Canada's Condominium Magazine
The dream of rural southwestern Ontario residents to have access to affordable ultra-high-speed fibre optic broadband internet service is a little closer to reality today after a funding announcement by the provincial and federal governments. Ottawa and Queen’s Park each contributed $90 million to the Southwestern Integrated Fibre Technology (SWIFT) project, which aims to deliver high-speed internet to approximately 3.5 million rural Ontarians in 350 communities. SWIFT plans to build the high-speed broadband network so that everyone in western Ontario has access, “regardless of the size of their community, their age, education or where they work.” With $180 million in funding now in place, the project is expected to move quickly to the next phase, accepting proposals from service providers to build the network. The municipalities participating in the project will be expected to contribute the remaining $100 million or so that will be needed for the first phase, expected to last from 2016 to 2021.
SWIFT is a project of a group known as WOWC (Western Ontario Wardens’ Caucus), which represents fifteen counties, from Essex in the southwestern tip of the province, along Lake Erie and northward to Georgian Bay and the Bruce Peninsula. The aim is to give residents within the WOWC counties access to service ranging from 1–100 gigabits per second for under $100 a month. According to SWIFT, communities with population densities as low as four persons per square kilometre will be served. The goal, it says, is to connect “every resident, farm, business and public organization to fibre optics by 2040 or sooner.”
SWIFT will build on existing fibre to extend the network closer to rural customers, making it easier for ISPs to connect homes and businesses to ultra-high-speed internet. Many rural customers still depend on internet service over telephone wires, giving about 3–9 megabits per second. SWIFT says it will solve the so-called “last mile” problem, delivery to the customer, with more than 2,700 kilometres of new fibre optic cable.
This is a major victory for all our residents and businesses currently underserviced or with limited access to high speed internet. I applaud the federal and provincial governments for truly stepping up and supporting small-town, rural Ontarians.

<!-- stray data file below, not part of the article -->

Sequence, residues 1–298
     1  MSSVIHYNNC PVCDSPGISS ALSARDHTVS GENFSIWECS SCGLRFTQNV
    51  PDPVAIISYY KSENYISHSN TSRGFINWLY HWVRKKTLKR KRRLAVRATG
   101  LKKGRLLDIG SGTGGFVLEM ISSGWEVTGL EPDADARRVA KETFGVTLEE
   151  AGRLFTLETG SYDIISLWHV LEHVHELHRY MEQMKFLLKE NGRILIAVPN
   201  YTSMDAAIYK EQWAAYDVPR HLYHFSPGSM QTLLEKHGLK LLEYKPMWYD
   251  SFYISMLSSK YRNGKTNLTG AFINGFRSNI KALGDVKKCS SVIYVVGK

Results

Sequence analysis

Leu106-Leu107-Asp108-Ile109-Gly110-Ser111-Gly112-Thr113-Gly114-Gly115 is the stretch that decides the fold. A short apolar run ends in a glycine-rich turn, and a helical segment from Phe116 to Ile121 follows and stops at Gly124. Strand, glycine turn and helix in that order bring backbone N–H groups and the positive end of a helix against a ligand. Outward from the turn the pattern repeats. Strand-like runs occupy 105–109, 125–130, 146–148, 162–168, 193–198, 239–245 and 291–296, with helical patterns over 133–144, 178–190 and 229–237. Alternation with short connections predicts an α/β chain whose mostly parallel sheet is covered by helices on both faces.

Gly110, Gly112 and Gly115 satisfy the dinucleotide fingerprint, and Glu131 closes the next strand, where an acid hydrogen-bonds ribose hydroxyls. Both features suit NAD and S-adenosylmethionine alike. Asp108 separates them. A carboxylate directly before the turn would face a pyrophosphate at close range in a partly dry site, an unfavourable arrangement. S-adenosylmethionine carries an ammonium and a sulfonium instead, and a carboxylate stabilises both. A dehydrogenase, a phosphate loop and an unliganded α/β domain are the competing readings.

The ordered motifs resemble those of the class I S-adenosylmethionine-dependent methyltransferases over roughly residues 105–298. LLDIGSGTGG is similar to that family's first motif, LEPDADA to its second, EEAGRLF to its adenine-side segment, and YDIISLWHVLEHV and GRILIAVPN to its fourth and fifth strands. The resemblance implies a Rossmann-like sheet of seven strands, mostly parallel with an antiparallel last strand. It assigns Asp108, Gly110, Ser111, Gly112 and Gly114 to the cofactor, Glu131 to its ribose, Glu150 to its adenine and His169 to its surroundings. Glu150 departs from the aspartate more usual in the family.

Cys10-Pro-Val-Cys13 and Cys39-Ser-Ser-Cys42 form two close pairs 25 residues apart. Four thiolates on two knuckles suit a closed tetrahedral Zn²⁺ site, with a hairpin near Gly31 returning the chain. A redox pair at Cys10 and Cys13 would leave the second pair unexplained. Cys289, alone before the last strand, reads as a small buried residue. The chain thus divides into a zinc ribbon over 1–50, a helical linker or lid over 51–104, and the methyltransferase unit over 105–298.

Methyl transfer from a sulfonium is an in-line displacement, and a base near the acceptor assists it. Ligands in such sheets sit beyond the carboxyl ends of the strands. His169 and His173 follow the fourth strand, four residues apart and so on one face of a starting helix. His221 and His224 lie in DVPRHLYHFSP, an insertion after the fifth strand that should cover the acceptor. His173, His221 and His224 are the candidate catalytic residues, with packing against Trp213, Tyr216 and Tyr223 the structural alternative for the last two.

At present, service providers concentrate on areas with the greatest population densities and are unwilling to provide service to more remote customers. Rates are higher in those under-served areas, service is poorer, and customers have little choice when it comes to finding a provider.
A study done for the Ontario Chamber of Commerce concluded that a 10 per cent increase in household broadband penetration could spur economic growth by 1.5 per cent, and the governments involved in the SWIFT project are emphasising the economic benefits of the plan. Improved internet connectivity will lead to innovation, remove barriers to growth and create jobs, said a representative of Dufferin County, whose county seat is Orangeville. Ontario’s minister of infrastructure, Bob Chiarelli, added that high-speed internet connects people and businesses to the resources they need to compete in the global marketplace. The federal Minister of Innovation, Science and Economic Development, Naveep Singh Bains, reiterated the point, saying that providing better access to a wide variety of online “tools and resources” would increase the potential for economic growth and diversification in the communities that will be served.
High-speed internet is just as fundamental to advancing the province’s economic interests as roads and electricity are, according to the CEO of the Ontario Chamber of Commerce. Without universal access to high-speed internet, SWIFT says, southwestern Ontario is at risk of losing investment, jobs and development to jurisdictions that do have such access.
SWIFT says it is busy meeting with its partners and stakeholders and putting the plan in place for what happens next, now that the funding is in place.